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Hardware (1990)

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Score: 6/10

Genre: Sci-Fi Horror Running Time: 1 hr. 33 min.

Release Date: September 14th, 1990 MPAA Rating: R

Director: Richard Stanley Actors: Dylan McDermott, Stacey Travis, John Lynch, Iggy Pop, William Hootkins

T

he little known 1990 thriller “Hardware” mimics many of the sci-fi masterpieces that preceded it. Surprisingly, it succeeds in producing a creatively original post-apocalyptic setting and its fair share of unique ideas.  Ultimately, however, it can’t stand up to Ridley Scott’s “Alien” or James Cameron’s “The Terminator” – but it’s definitely worth a look, just to see how close it comes.

War-ravaged Earth resembles a harsher version of Tatooine, where scavengers roam the wastelands and a thick orange haze blankets the skies.  Moses (Dylan McDermott) and his brother Shades (John Lynch) cross paths with a cryptic stranger whose escapades combing the deserts find him in possession of a mysterious robot’s head and hand.  Seeking an appropriate Christmas gift for his estranged girlfriend Jill (Stacey Travis), Mo barters for the android parts. He quickly realizes his mistake when he discovers they belong to the highly advanced, self-repairing military droid M.A.R.K. 13, who begins a murderous rampage across Jill’s apartment.

Bizarre characters fill out the cast and only McDermott and Travis attempt to play it straight.  While Mo provides a believable rogue soldier, it is Jill who becomes the hero of the film, exuding a little of the tough-girl attitude that worked so well for Ellen Ripley.  Much like her obvious role model, she thankfully doesn’t become overly gung-ho when she faces the powerful renegade robot throughout the climax.  By far, the strangest character inclusion is that of the perverted voyeur neighbor that spies on Jill from afar during intimate moments.  Cult director Richard Stanley chooses to build the character into a truly disgusting villain, but then fails to have him act accordingly on his vile intentions, even when he has trapped Jill alone in her apartment.  He becomes a wasted opportunity to drum up additional suspense and his departure doesn’t bring the closure it should have submitted.  At least, he manages to break out in a creepy singing session before that time.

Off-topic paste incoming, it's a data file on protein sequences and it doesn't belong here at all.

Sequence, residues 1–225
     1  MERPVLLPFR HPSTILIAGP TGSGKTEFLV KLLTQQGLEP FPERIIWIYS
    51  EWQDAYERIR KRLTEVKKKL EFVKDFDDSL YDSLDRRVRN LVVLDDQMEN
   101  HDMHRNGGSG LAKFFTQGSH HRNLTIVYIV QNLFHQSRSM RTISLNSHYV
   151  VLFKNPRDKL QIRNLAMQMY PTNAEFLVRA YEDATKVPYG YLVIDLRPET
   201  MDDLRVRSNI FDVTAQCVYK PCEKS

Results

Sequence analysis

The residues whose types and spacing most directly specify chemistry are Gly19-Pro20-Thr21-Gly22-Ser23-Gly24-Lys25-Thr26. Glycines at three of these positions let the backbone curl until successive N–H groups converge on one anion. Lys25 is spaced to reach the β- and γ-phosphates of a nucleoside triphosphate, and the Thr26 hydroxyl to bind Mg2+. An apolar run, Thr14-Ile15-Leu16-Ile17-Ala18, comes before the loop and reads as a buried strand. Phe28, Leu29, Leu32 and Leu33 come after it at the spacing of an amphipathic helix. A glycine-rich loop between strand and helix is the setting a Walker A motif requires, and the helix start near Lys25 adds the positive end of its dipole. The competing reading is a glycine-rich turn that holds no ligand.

The special effects in “Hardware” provide the majority of accomplishment, appearing as a cross between “Mad Max 2” and “Alien 3.”  Dark reds and burnt orange hues wash over the entire picture, while desolate, debilitated buildings evoke the required post-apocalyptic feel.  M.A.R.K. 13 himself is an interesting blend of leftovers from “The Terminator” and “Saturn 3,” with his design and movement relating a primary function of destroying all life forms (though the slim cast doesn’t allow as much of a body count as one might hope).  Utilizing poisonous needles, saws, and blades makes the nearly unstoppable robot all the more frightening, though his appearance reflects the movie as a whole – lots of style but little substance.

“Hardware” takes a great idea (though not an entirely original one) and limits the scope of its impact by giving a monstrous robotic villain a tiny apartment to play in.  The compact setting affords a claustrophobic mood, but also fewer possibilities for massive mayhem.  Though at times the film tries too hard to be cool (such as opera music infused in the final battle and a lengthy psychedelic poisoning scene), fans of obscure sci-fi thrillers will likely appreciate at least some aspect of Stanley’s contribution to the genre.

– Joel Massie

 



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